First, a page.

This past week, both the Prime Minister and the Chancellor have taken to the airwaves to boast that the coalition government’s ‘tough but necessary’ action in tackling the deficit has pulled it out of the danger-zone in which it lay when they took office, at the mercy of the bond and currency markets who would not tolerate such levels of government borrowing any longer. On the Today programme on Monday, George Osborne claimed that as a result, Britain would be spared the fate of Greece and Ireland.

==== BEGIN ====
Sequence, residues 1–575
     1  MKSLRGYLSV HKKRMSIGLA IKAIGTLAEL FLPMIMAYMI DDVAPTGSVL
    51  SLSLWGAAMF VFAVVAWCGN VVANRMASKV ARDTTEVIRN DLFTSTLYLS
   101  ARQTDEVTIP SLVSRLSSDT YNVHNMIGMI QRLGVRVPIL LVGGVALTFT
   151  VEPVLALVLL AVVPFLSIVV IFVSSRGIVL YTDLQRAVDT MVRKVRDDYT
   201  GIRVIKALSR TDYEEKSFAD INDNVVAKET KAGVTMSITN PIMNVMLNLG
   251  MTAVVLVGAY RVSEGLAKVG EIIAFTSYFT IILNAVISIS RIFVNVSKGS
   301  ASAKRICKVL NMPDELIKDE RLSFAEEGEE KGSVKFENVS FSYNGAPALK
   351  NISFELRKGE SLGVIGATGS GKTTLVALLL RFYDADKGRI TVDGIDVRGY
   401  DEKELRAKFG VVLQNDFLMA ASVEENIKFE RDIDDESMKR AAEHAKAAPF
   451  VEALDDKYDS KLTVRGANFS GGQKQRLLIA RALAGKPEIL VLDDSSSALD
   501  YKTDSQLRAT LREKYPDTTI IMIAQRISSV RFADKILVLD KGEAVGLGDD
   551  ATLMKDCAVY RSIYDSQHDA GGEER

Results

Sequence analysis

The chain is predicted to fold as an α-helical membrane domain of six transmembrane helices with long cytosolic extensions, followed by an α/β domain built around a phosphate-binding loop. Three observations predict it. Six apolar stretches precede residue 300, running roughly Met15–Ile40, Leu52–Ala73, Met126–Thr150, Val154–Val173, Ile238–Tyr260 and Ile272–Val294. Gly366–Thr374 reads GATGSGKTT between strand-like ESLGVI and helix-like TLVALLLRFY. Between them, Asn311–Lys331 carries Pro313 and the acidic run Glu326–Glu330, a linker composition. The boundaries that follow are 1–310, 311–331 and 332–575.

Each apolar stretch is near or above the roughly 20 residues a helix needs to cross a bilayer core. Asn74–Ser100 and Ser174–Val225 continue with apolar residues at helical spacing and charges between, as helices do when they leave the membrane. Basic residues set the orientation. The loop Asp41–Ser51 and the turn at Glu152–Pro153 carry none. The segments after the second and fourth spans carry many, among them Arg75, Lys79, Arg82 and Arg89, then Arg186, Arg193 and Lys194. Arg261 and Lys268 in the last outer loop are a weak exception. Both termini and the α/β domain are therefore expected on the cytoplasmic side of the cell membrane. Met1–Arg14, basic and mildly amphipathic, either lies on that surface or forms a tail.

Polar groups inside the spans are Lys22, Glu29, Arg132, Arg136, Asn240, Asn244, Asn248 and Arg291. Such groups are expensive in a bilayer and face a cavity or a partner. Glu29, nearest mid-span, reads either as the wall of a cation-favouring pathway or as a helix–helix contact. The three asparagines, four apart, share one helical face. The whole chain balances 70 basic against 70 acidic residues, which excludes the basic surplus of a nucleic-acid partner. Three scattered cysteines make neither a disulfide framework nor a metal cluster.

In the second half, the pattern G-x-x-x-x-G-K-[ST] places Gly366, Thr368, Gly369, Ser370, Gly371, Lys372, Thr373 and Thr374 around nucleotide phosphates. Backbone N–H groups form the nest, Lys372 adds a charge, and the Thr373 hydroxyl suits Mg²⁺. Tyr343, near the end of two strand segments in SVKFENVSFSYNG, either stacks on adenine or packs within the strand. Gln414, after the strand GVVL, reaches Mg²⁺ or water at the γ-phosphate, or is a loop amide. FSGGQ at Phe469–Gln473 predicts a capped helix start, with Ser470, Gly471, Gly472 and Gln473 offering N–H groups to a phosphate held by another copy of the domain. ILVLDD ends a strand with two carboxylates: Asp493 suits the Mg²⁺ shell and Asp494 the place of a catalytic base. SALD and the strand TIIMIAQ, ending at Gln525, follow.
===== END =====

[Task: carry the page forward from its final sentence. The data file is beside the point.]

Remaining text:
That comparison with Ireland followed the increasingly desperate news that the former Celtic Tiger is sinking further and further into the quicksand of a deflationary spiral; the more the Tiger lashes out, the further it sinks: further cuts in public spending will be undertaken in order to chase the tail of a deficit that is running out of control precisely because cutting government expenditure during a recession creates a ‘death spiral’, as the economist David Blanchflower calls it, in which the cuts put people out of work, which lowers aggregate demand, which lowers growth, which lowers tax revenues, which widens the deficit, which results in more cuts and so on. Ireland is clearly in that death spiral right now, so it is not surprising that the Chancellor tried to contrast its fate with that of the UK.

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